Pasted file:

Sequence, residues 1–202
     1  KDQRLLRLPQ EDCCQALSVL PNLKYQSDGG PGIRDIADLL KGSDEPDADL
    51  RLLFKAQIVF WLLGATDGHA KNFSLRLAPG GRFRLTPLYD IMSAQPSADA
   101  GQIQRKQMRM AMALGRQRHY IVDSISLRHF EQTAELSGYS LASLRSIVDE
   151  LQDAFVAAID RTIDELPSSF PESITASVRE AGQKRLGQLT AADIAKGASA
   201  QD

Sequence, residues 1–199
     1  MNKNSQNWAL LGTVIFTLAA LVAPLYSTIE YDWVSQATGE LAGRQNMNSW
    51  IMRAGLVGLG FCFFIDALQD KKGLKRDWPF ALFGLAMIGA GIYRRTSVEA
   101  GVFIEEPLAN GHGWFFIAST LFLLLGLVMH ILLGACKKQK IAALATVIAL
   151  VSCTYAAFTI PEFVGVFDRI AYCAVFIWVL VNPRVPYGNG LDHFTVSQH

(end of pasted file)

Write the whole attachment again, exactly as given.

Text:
Sequence, residues 1–202
     1  KDQRLLRLPQ EDCCQALSVL PNLKYQSDGG PGIRDIADLL KGSDEPDADL
    51  RLLFKAQIVF WLLGATDGHA KNFSLRLAPG GRFRLTPLYD IMSAQPSADA
   101  GQIQRKQMRM AMALGRQRHY IVDSISLRHF EQTAELSGYS LASLRSIVDE
   151  LQDAFVAAID RTIDELPSSF PESITASVRE AGQKRLGQLT AADIAKGASA
   201  QD

Sequence, residues 1–199
     1  MNKNSQNWAL LGTVIFTLAA LVAPLYSTIE YDWVSQATGE LAGRQNMNSW
    51  IMRAGLVGLG FCFFIDALQD KKGLKRDWPF ALFGLAMIGA GIYRRTSVEA
   101  GVFIEEPLAN GHGWFFIAST LFLLLGLVMH ILLGACKKQK IAALATVIAL
   151  VSCTYAAFTI PEFVGVFDRI AYCAVFIWVL VNPRVPYGNG LDHFTVSQH